ANCHORAGE, Alaska (AP) — A critic of Gov. Sean Parnell's plan for reducing oil company taxes has retained his seat in the state Senate.
A Senate District J election recount affirmed a victory for Anchorage Democrat Hollis French over Republican Bob Bell.
Division Director Gail Fenumiai certified election results last week with French leading by 51 votes. She said by email that the recount Thursday gave French a 59-vote lead
The former assistant district attorney was first elected to the Senate in 2002. His 7,605 to 7,546 vote victory this year was his closest.
Bell said he asked for the recount for certainty. "We just wanted to be sure, and we are now," he said.
French's new election district formulated by a Republican-dominated Redistricting Board removed about two-thirds of his former constituents. French retained voters in west Anchorage but was cut out of Spenard and was instead was lumped into Sand Lake precincts.
"This was a district designed, frankly, to put me out of office, and they came close," French said by phone from Hawaii, where he is on vacation.
He described the redistricting as "packing and cracking": lumping as many Democrats as possible into a few districts and spreading the rest among districts dominated by Republicans. His unscientific analysis, he said, puts 60 percent of Anchorage Democrats into Senate districts won by Johnny Ellis and Berta Gardner.
District J now stretches south from the Turnagain neighborhood, which makes up House District 19, to the area from Raspberry Road to Dimond Boulevard in House District 20.
Bell outpolled French by 776 votes lead in District 20 but was beaten by 827 votes in District 19 in results certified last week.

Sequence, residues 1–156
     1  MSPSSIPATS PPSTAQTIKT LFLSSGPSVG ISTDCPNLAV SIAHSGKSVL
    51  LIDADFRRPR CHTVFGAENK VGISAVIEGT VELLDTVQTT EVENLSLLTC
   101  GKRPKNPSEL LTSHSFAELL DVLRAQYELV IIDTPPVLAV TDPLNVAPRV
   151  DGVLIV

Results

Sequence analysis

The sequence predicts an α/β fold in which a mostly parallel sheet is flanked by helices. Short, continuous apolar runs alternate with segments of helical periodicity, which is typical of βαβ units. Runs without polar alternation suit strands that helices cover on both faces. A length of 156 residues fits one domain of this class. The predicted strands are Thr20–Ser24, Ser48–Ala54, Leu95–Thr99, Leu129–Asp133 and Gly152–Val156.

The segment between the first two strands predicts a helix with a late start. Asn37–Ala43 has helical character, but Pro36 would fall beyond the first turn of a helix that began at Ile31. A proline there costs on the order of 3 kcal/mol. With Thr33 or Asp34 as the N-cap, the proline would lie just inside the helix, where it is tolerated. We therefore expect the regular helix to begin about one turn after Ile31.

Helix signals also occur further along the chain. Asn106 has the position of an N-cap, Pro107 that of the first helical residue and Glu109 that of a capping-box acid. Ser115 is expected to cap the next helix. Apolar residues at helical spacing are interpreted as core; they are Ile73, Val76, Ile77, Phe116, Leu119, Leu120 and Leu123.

"I was very strong in the neighborhoods that I had represented for 10 years," French said. "That kind of makes sense. To me it's gratifying to have gotten very, very strong support out of the neighborhoods that knew me the best."
Bell said he didn't realize going into the general election that he'd have two opponents, French and labor unions supporting the Democrat.
He claims the AFL-CIO and the Alaska Public Employees Association spent more supporting French in the race than what Bell spent on his campaign.
"That's a tough bar, and we came within 59 votes," he said. "I'm proud of that. We ran a positive campaign, they didn't, and I'm proud of that."
Voters mostly wanted to talk about energy and education, French said, from their children's schools to the desire for choices.
"The one idea I kept pushing was statewide voluntary — not mandatory but voluntary — pre-kindergarten," he said.
Some voters, he said, scolded him for his opposition to the Parnell plan, which would cut oil company taxes to stimulate new development. French and other critics want evidence that companies will respond with more than promises.
"I listened very carefully, and yet probably 80 percent of the people I spoke would agree with what became our position, which was let's make sure we tie any tax reduction to more investment, more jobs, more wells, more oil in Alaska," he said.
The 13 Republicans elected to the 20-member Senate mean French will no longer be part of the majority. He expects to remain relevant.
"You don't quite have your hands on the lever of power but you have a seat at the table and a voice in the body and on oil taxes especially, there's not a Republican line and a Democratic line. It's far more fluid than that," he said. "I think people are susceptible to facts and argument and I expect to participate very actively in that debate."